India’s Modi trumpets Kashmir, Muslim marriage moves in Independence Day speech


MUMBAI (Reuters) – Indian Prime Minister Narendra Modi delivered an Independence Day speech on Thursday that spotlighted a decision to remove the special rights of the disputed Himalayan region of Kashmir among the bold moves of his second term.

Indian Prime Minister Narendra Modi arrives to attend the Independence Day celebrations at the historic Red Fort in Delhi, India, August 15, 2019. REUTERS/Adnan Abidi

Modi talked about his aim to turn India into a $5-trillion economy within five years, by spurring wealth creation, boosting exports and tourism, and spending 100 trillion rupees ($1.4 trillion) on infrastructure.

But he did not touch on sagging demand that has hit parts of the economy in recent months, especially the auto sector.

Modi said special constitutional status for the state of Jammu and Kashmir had encouraged corruption and nepotism, while creating injustice for women, children and minority communities in India’s only majority-Muslim region.

“Today every Indian can proudly say ‘One Nation, One Constitution’,” Modi, speaking from the ramparts of the historic Red Fort in New Delhi, said of the decision.

Critics of the policy say it will bring a backlash from Kashmiri Muslims who had valued the previous ban on non-residents buying property in the state, part of which is claimed by Pakistan, and benefited from the reservation of state government jobs for residents.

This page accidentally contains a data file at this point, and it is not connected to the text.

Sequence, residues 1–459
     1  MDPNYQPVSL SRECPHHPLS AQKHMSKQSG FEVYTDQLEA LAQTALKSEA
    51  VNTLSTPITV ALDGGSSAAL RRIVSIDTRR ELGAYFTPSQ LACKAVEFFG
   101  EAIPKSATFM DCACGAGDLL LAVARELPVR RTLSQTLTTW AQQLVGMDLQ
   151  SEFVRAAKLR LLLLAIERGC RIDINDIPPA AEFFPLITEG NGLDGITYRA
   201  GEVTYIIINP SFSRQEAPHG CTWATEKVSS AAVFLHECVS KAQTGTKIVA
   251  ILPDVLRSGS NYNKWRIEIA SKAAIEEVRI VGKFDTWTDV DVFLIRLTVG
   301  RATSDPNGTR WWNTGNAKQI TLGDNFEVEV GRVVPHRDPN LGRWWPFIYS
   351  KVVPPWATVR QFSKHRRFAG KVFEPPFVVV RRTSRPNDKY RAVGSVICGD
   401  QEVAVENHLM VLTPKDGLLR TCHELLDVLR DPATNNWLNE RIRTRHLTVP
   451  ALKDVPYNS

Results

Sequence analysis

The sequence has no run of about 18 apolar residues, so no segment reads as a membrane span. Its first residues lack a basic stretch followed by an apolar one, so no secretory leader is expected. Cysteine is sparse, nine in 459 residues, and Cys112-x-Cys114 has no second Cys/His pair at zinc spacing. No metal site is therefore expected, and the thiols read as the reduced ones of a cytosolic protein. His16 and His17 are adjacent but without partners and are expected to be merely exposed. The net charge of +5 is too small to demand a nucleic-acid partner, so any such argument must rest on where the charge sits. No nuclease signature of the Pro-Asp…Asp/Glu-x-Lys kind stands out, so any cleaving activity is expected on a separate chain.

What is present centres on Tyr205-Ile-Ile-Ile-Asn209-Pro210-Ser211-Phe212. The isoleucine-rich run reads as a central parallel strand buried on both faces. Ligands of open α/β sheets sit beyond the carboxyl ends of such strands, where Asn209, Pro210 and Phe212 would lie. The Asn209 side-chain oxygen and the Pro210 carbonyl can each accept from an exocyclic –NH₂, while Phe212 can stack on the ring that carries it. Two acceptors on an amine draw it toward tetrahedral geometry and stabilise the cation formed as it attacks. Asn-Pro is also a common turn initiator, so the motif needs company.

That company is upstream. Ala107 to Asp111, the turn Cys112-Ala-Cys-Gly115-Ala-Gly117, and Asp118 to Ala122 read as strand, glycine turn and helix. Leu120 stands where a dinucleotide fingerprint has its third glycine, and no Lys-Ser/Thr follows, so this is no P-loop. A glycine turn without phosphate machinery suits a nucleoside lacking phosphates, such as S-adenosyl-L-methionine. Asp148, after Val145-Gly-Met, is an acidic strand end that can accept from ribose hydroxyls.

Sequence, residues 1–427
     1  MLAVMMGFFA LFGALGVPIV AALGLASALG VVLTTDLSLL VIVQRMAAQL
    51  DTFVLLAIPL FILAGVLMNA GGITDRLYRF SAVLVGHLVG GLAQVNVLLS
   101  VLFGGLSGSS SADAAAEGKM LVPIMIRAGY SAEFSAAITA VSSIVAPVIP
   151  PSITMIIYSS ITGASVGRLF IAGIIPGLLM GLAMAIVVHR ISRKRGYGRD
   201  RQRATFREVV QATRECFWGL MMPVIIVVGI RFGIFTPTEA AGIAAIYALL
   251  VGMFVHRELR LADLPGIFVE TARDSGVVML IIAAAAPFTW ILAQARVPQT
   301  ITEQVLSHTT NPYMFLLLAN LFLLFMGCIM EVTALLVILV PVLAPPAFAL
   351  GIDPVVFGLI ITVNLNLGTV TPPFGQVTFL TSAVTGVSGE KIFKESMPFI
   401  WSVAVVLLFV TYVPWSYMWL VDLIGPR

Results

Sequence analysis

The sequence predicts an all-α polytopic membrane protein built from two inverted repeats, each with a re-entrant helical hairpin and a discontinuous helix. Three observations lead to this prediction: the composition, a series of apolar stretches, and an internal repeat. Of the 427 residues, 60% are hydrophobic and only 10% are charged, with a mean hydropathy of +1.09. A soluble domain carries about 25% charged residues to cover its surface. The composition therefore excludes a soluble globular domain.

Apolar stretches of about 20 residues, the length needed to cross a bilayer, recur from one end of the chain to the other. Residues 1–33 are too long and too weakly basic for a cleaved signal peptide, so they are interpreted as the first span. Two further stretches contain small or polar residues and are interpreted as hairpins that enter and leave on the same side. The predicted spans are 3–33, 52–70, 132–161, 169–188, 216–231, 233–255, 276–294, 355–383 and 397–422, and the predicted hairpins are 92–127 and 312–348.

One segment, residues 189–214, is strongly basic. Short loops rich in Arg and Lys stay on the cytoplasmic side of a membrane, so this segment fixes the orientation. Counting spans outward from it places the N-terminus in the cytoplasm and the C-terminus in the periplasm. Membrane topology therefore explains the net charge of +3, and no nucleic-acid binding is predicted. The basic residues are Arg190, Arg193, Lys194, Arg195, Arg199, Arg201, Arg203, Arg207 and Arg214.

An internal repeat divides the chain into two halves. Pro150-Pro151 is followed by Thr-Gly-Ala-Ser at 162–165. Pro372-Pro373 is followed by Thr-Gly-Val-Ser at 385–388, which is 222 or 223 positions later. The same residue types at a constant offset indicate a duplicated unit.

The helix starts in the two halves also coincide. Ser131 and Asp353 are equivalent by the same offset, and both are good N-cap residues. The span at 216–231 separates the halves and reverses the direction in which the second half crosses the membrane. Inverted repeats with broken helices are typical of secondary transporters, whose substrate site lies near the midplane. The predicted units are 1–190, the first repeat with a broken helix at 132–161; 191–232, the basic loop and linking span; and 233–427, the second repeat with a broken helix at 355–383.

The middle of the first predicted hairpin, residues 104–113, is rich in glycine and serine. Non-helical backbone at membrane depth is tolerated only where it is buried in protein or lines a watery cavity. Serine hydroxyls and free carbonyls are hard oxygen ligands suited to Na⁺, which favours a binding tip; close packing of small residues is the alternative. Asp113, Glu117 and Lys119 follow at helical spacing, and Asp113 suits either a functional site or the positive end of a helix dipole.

Since the Aug. 2 decision, the region has been under a clampdown, with internet and phone links cut off by authorities, movement restricted by police roadblocks, and more than 500 local leaders and activists detained.

Wearing a flowing bright saffron-colored turban, Modi, who won a landslide election victory in May, also highlighted his government’s ban on some Muslim communities’ practice of allowing a husband to instantly divorce his wife.

Perhaps the most controversial announcement in Modi’s speech was the creation of a new post of chief of defense staff, to ensure better coordination between India’s army, navy and air force, along the lines of Western military forces.

Defense experts have long called for such a post, recommended by a government panel in 1999, after India came close to war with Pakistan over Kashmir.

“Our forces are India’s pride,” Modi said. “To further sharpen coordination between the forces, I want to announce a major decision … India will have a chief of defense staff.”

However, he did not address the weakening economy and calls by industry for a swift package of government measures to stimulate demand.

India’s growth rate has fallen to 5.8% for the three months ended March 2019, its lowest in 17 quarters, while research group CMIE estimates the jobless rate rose to 7.51 percent in July from 5.66 percent a year earlier.

Modi said he would invest 100 trillion rupees in infrastructure over the next five years and a further 3.6 trillion to improve water infrastructure and pipe clean water to every home.

Reporting by Promit Mukherjee; Editing by Martin Howell and Clarence Fernandez

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